The vast majority of states are well on their way to plans that federal officials contend will soon put a qualified teacher at the head of every academic class, including ones in schools with poor records of student achievement.
In an Aug. 16 announcement, the U.S. Department of Education singled out nine states for having put forward particularly complete plans, according to a team of 31 outside experts organized by the department. Those states are Kansas, Louisiana, Maryland, New Jersey, New Mexico, Nevada, Ohio, South Carolina, and South Dakota.
Another four states, however, flunked the reviews. They are Hawaii, Missouri, Utah, and Wisconsin. While all but one or two states will need to revise their plans to take into account the comments of the expert reviewers, federal officials said those four must submit new plans, undergo close monitoring of the data they collect on teacher quality, and provide detailed monthly progress reports. The rewritten plans are due Sept. 29.
In the plans, which were due to the Education Department on July 7, states were required to describe which groups of teachers are not yet “highly qualified” according to the federal standard, how they will help–and if necessary prod—districts so that all their teachers meet the standard, and what steps they are taking to ensure that poor and minority children get their fair share of teaching talent.
The No Child Left Behind Act of 2001 calls for all teachers of core subjects in virtually all public schools to have been qualified by the school year that just ended. In general, teachers are deemed “highly qualified” if they hold at least a standard license and show command of the subjects they teach.
This past fall, however, Secretary of Education Margaret Spellings recognized that no state was likely to meet the highly qualified teacher requirement. As a result, she declared that states could avoid the punitive loss of federal funds for the 2006-07 school year if they showed good faith and progress in reaching for the goal. In reviews based on monitoring visits to each state, all but seven states were deemed to have complied with the good-faith effort. Three are on notice for failing to institute a test for new elementary teachers and four were cited for missing or inadequate data.
But all the states were given until the end of September to revise their plans for meeting the teacher-quality goal. And for the first time, the Education Department insisted that states address with a plan the No Child Left Behind law’s so-called teacher “equity provision.” That provision requires that poor and minority children not be taught in greater proportions than other children by teachers who are unqualified in their subjects or inexperienced.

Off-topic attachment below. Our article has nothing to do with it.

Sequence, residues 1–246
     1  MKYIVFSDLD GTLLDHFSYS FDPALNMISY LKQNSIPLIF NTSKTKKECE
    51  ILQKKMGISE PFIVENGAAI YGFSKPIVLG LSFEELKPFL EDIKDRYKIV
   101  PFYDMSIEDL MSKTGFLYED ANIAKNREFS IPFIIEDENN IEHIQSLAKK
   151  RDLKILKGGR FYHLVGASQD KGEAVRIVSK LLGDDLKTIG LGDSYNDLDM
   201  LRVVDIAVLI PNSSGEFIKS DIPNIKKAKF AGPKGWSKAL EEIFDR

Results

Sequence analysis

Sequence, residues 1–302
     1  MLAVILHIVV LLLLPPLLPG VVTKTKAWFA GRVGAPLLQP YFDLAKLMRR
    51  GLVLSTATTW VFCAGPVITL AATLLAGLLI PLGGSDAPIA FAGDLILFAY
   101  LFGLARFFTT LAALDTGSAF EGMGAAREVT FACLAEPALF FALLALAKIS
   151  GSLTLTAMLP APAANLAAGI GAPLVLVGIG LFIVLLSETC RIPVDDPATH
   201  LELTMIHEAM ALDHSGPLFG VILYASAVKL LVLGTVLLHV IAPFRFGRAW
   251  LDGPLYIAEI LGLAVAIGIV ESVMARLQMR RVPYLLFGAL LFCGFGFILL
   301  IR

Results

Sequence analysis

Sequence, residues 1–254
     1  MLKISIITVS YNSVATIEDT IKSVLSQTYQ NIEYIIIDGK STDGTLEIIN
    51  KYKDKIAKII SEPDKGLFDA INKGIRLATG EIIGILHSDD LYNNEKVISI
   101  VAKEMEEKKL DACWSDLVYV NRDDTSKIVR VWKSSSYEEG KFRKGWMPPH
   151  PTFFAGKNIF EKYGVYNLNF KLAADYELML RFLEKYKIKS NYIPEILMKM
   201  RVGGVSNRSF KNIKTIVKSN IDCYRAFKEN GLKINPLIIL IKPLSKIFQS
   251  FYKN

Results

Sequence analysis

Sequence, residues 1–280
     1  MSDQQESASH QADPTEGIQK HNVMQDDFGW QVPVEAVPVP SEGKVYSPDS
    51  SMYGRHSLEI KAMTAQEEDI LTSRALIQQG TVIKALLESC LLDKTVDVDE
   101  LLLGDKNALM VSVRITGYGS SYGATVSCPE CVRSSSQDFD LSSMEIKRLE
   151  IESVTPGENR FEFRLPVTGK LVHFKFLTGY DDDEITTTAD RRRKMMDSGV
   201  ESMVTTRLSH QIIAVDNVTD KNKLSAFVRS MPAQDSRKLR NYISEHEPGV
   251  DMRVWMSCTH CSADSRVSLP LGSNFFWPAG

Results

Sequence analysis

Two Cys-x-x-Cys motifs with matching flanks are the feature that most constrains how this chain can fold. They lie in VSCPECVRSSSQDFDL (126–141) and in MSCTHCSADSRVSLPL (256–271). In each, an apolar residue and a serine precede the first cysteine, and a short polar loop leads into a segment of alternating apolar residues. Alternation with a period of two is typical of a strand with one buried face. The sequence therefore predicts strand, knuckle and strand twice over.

Until recently, many states, caught up in the law’s testing mandates, have failed to grapple with that part of the law.
Federal officials seemed to take that into account last week, generally praising states for progress and even putting one state, New Mexico, in the approved category though it had not yet pulled together a plan for achieving equity.
“For the most part, states have worked very hard to address the issues they needed to address, and we are seeing some progress,” Henry L. Johnson, the Education Department’s assistant secretary for elementary and secondary education, said in a conference call with reporters.
A Different Take
But the Education Trust, a Washington-based research organization that advocates for poor and minority students, had a different take.
In a report on the states’ latest teacher-quality plans released earlier this month and focused largely on the states’ efforts to achieve teacher-quality equity, the group’s researchers said the “overwhelming majority” of states should be required to start over “with clearer guidance and more assistance from the Department of Education to get this process moving in the right direction.”
The Education Trust faulted many states “for vague plans that lacked the data to properly target the strategies or evaluate their effectiveness” in ensuring that poor and minority students get qualified teachers no less than other students.
René Islas, who heads the Education Department’s teacher-quality effort, agreed but in a milder form.
“The biggest issue was that … states did not do a comprehensive data analysis to identify which highly qualified teachers are in which schools, so it’s difficult to develop the optimum strategies,” he said. “In other cases, they maybe were not bold enough with strategies targeted to effectively change local incentives for drawing teachers” into the schools that need them most.